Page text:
Location: Vallejo
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Quote:
Originally Posted by OuttaTheLouBurbs View Post
As far as I know my history, land used to be developed individually, and homes were built by the owner. Nowadays, land is commonly bought by a developer, constructed on as a larger unit, and then subdivided and sold among new owners. The latter method, called "tract housing," was not the primary method of home construction in the US until recently when the concept of the suburban subdivision appeared. So my question is-what is it that led to the birth of tract housing? Why is tract housing and subdivided development the primary method of growth in today's methods of urban planning, rather than the sale of individual plots? I don't understand what caused the change and why homebuilding is the way it is today, could someone please fill me in?
Suburban neighborhoods predate tract housing.

Take a neighborhood I mentioned not long ago, Park Slope. Bought by a guy who then turned it into a subdivision and sold the individual lots off to people. Yup. Park Slope is a subdivision. Of course, back then they generally sold as lots without a house on them. Nowadays they just skip that step. Home buyers aren't as sophisticated as they were then nor as wealthy, so they don't always have the wherewithal or financial means of overseeing or employing an agent to oversee the construction. Of course, you still do so custom homes today.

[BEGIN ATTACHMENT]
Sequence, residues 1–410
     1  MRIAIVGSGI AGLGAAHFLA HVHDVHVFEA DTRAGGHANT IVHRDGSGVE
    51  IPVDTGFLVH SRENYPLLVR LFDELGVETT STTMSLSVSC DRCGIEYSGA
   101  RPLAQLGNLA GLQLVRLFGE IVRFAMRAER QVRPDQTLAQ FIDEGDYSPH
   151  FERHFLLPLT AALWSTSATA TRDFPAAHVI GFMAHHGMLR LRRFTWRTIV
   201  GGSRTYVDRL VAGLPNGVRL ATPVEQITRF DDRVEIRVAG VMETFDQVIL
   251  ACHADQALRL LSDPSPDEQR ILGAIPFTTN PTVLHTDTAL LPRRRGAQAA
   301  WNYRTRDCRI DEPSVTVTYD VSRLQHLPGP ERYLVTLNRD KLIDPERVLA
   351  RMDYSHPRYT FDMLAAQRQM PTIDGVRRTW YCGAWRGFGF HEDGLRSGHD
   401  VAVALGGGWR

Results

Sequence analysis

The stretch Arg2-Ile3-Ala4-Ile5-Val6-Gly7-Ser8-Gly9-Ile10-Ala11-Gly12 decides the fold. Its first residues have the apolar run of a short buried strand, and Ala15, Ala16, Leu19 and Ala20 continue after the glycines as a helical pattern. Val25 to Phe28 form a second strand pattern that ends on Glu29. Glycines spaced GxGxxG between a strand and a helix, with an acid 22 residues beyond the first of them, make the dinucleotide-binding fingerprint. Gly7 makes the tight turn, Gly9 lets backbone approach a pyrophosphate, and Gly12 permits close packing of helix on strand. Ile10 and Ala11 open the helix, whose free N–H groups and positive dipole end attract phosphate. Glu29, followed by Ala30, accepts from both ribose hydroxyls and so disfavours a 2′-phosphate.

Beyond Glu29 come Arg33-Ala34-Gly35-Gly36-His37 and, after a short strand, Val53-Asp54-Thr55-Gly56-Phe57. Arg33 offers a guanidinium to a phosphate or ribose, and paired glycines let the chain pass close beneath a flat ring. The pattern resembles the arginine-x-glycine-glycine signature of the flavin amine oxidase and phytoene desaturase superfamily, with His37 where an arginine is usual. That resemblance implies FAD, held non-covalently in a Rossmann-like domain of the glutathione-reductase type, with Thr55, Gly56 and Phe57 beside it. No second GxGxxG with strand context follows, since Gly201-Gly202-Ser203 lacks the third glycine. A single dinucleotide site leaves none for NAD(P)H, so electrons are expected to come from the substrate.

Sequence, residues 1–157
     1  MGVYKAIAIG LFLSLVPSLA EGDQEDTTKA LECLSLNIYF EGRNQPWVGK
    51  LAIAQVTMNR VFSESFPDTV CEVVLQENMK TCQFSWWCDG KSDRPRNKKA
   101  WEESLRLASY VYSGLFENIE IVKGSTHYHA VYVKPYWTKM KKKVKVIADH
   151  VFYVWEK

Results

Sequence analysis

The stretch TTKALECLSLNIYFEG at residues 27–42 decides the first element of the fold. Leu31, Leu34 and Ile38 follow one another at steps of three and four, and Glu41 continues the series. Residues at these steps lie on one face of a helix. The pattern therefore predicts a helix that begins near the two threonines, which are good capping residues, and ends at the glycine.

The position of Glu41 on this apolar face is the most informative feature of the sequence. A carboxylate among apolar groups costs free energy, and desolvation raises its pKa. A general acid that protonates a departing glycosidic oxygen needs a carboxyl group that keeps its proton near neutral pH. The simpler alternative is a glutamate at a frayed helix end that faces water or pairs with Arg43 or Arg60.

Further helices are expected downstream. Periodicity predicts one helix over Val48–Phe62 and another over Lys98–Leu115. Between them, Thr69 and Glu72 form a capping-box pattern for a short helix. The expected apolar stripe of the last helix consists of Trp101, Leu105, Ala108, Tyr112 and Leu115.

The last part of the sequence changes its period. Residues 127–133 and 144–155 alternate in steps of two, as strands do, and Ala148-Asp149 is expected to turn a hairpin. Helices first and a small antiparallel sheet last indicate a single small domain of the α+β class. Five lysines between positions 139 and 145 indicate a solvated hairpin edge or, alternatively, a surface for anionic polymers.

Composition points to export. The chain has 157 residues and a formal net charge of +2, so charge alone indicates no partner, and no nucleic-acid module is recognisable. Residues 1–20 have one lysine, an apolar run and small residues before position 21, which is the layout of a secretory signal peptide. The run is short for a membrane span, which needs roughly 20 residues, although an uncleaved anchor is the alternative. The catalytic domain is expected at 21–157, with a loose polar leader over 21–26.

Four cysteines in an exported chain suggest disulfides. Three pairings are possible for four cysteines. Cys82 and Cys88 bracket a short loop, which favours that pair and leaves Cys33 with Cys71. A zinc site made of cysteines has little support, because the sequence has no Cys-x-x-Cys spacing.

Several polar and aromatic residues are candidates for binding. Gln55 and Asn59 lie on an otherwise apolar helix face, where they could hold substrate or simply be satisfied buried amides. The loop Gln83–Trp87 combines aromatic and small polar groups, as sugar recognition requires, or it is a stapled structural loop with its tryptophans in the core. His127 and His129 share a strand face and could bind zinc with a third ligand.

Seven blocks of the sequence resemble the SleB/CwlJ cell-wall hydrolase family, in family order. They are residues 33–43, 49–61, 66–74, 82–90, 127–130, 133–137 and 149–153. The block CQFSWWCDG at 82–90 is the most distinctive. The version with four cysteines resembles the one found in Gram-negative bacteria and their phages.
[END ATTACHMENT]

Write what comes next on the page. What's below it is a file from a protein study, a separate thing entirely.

If you'd ever seen the process that custom homes go through, you'd understand. It's a lot of headache. Delays, setbacks, endless amounts of choices. No doubt some people find it worth it, but it's a lot of hassle and expense.
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Old 08-05-2014, 03:07 PM
 
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The invention of the Model T. Like fast food, everything has since become mass-produced with the factory assembly line method. Including housing.
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Old 08-05-2014, 04:02 PM
 
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Even in neighborhoods built before WWII you can find houses that are identical or share an lot of elements in the same neighborhood built at the same time.